This weather is not entirely unexpected. Cities such as Houston have had their drought-contingency plans designed to reduce the overall amount of water consumed activated since last summer. However, more areas within the region have recently implemented these plans or been placed under burn bans after a hot weather season that got off to an earlier than usual start. .
Katy is currently in stage two of its doubt-contingency plan; the city asked residents last week to abide by an alternating lawn watering schedule and asked for nonessential water usage for street cleaning, vehicle washing and operating fountains to stop. The unincorporated parts of Galveston County were put under a burn ban for 90 days.
According to David Sohns, the director of utilities for Pearland, one of the biggest concerns during a drought is ensuring sufficient water is held in reserve for firefighters’ operations.
“Any time you consider water, it has multiple purposes, and one of the key purposes is for firefighting efforts,” Sohns said. “If the storage water is depleted to the point where it jeopardizes this, that is a big issue.”
He said Pearland Water distributes information to residents on ways to cut back on their household water consumption both in and outdoors, sharing water-conservation tips such as checking for leaks, collecting rainwater for outdoor usage or fully loading water-using appliances.
Houston Public Works provides similar water conservation tips through its ongoing Give Water a Break Campaign and hosts community engagement events with its recently established water and education outreach team. The city has been under stage one of its drought-contingency plan since June 2022, which calls for these actions to be practiced voluntarily to reduce 5 percent of its overall water usage.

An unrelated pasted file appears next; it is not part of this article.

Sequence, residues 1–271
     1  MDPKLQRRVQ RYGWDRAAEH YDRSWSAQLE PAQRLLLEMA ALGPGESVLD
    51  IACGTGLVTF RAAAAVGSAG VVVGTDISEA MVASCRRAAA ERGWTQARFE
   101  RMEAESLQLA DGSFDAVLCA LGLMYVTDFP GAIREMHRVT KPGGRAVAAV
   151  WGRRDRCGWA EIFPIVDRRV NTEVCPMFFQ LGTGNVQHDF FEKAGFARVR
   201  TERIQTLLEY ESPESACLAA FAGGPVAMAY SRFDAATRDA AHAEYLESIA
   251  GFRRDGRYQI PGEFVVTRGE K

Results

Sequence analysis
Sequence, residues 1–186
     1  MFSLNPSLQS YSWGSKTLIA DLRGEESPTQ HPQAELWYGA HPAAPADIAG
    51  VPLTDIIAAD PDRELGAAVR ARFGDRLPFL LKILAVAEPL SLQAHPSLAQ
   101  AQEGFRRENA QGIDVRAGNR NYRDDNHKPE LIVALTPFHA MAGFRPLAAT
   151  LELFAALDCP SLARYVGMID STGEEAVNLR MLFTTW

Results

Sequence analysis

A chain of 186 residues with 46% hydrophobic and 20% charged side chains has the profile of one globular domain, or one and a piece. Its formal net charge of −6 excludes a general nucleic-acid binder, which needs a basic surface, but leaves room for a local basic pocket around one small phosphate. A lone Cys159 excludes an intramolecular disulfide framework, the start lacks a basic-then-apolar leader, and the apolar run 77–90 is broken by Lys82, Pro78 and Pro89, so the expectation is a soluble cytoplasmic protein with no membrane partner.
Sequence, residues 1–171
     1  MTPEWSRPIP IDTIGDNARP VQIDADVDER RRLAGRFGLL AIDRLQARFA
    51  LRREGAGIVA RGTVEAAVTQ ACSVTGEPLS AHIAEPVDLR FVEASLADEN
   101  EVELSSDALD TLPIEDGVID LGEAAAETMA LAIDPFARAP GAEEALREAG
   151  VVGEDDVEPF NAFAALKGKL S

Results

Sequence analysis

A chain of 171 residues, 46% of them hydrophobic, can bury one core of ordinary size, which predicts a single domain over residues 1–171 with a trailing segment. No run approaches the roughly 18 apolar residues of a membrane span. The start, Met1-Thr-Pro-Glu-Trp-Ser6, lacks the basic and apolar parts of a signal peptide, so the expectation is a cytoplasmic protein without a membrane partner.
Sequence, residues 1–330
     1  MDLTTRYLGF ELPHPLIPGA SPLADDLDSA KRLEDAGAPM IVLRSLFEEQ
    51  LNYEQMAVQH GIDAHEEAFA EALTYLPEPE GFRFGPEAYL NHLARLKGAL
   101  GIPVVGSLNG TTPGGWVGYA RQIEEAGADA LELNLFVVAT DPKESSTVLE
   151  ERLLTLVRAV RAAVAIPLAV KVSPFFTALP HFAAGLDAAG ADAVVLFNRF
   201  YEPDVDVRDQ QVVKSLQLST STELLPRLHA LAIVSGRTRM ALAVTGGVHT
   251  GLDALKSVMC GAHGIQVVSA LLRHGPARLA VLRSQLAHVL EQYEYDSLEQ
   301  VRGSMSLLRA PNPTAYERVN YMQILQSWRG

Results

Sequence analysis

Sohns said these proactive measures help ensure cities have an adequate water surplus. This is particularly important as the number of fires increases within the region during the summer.
Brandi Dumas, communications manager at the Harris County Fire Marshal’s Office, said they have seen an uptick in fires. Many are due to people discarding smoking materials in dry environments.
“We have a lot of fires on the sides of the roads from people throwing their cigarettes out of their cars,” she said. “Those doing this should make sure to fully put them out and in a water bottle or container they have because it is hot, and they will spark up grass fires.”
"We have a lot of fires on the sides of the roads from people throwing their cigarettes out of their cars.”
Dumas said residents should also be careful when grilling or doing anything involving an open flame outdoors when the ground is dry. Despite the rise, firefighters have not seen any activity out of the ordinary, but they have to tackle and manage flames amid the recent unseasonable heat waves, she said.
“This is something our firefighters deal with and have to be conscious of," she said. "They have to be very conscious their protective gear is on because this gear is heavy, and they are fighting the heat too," she said.
According to Dumas, the Fire Marshal’s Office continues to monitor drought conditions but is not currently under a burn ban.
Dan Reilly, a meteorologist with the National Weather Service serving Houston and Galveston, said the number of counties under these bans and cities activating their drought-contingency plans could increase as dry weather remains in the forecast into next week.
“We have this upper-level high-pressure system over us bringing in the very hot and dry pattern, and that is the problem we are dealing with,” he said. “The lack of rain and the hot temperatures worsen conditions over time.”
Reilly said Harris County is experiencing a moderate drought concentrated in the Southeast part of the county. He said droughts tend to fluctuate as there may be some relief from isolated thunderstorms in coastal Texas; however, these are few and far between and dissipate further inland.